The present invention and its advantages will be more clearly understood from the following detailed description of a speciiic embodiment thereof, read in conjunction with the accompanying drawing, wherein,

FIG. 1 shows one embodiment of the present invention which is employed for Water hardness determinations; FIG. 2 is a view taken along line Zf-Zf? of FIG. 1;

FIG. 3 shows a similar embodiment of the present invention which is also used for water hardness determinations but which employs vertical rather than horizontal stripping; and

FIG. 4 is a section view taken along line 4 4 of FIG. 3.

Referring to FIG. l, the quick-dip indicator comprises as a carrier a strip of calcium and magnesium-free commercial grade absorptive paper 10, said paper being capable of absorbing about 340 percent of its own weight of water. Strip 10 is impregnated at spaced areas 11 through 14 with color-responsive Substances, each of which changes color at a particular hardness level. For example, the color-responsive substance in spaced area 11 may change at a hardness level (calcium and/or magnesium concentration) of about 20 grains per gallon, each grain being equivalent to about 17.1 parts per million by weight. Likewise, the color-responsive materials in spaced areas 12 through 14 may, for example, change color at hardness levels of about 15, l() and grains, respectively.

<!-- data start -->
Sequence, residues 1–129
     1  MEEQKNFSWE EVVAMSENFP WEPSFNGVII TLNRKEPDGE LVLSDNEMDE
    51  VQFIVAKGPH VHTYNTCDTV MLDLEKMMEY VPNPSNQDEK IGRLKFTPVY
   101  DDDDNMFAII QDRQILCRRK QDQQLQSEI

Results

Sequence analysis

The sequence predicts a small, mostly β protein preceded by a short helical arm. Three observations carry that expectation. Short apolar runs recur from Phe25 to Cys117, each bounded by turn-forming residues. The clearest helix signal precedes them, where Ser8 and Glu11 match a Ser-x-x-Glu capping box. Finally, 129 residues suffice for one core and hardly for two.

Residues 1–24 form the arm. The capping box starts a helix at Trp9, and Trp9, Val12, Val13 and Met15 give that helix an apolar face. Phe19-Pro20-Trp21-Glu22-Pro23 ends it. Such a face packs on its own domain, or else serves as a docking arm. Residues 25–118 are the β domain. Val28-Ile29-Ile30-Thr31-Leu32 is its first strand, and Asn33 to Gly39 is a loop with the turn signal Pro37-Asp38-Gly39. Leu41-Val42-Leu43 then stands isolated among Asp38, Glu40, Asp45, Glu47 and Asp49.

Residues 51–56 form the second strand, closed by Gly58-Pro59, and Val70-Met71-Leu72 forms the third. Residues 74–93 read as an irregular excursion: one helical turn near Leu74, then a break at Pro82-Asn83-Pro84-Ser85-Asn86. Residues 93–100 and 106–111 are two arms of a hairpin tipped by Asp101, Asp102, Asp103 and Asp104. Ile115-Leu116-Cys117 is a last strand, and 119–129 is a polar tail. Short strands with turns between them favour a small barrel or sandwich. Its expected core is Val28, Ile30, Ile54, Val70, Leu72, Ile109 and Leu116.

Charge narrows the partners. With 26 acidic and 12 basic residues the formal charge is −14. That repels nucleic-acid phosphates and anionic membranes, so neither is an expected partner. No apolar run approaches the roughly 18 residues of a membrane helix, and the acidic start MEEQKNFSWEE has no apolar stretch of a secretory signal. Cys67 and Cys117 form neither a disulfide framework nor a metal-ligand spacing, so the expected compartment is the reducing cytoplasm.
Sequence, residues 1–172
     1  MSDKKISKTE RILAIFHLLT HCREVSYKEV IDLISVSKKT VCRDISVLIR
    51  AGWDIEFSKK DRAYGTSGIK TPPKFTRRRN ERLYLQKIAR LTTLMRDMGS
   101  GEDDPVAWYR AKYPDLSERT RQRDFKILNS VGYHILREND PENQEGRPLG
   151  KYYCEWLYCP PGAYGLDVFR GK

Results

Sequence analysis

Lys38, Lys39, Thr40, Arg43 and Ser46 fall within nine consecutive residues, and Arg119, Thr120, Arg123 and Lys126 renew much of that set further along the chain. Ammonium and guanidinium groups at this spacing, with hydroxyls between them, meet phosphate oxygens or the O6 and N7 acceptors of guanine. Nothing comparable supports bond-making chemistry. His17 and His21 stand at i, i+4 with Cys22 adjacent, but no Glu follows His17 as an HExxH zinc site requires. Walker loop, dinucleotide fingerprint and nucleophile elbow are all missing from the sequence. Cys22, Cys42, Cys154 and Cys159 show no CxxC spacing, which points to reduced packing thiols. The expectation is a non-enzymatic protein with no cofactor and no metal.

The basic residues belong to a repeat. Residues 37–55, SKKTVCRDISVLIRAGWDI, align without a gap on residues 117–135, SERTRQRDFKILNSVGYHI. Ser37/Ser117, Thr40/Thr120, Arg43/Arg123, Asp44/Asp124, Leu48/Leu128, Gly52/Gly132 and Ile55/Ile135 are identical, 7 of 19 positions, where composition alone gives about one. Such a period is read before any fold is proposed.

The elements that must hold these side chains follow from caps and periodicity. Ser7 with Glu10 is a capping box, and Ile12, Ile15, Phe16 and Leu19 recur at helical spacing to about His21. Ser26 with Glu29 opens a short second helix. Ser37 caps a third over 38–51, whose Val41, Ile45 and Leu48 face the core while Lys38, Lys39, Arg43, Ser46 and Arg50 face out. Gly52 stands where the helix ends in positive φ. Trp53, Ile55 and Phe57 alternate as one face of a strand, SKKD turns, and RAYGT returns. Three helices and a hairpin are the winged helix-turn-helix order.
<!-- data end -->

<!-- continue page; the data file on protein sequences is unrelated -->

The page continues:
It is immediately apparent that much more precise determinations may be made by having a far greater number of spaced areas, each of which is impregnated with color-responsive substances graduated at whatever hardness interval is desired. In addition, by careful selection and control of the color-responsive substance, a still greater reiinement in precision is possible. This alternative arises from the fact that with many indicators the color change is often gradual over about several grains of hardness. Thus, for example, where the color change begins at grains hardness, it may not be cornplete until 13 or 14 grains. By careful color coding, each spaced area may therefore be used to cover a selected range.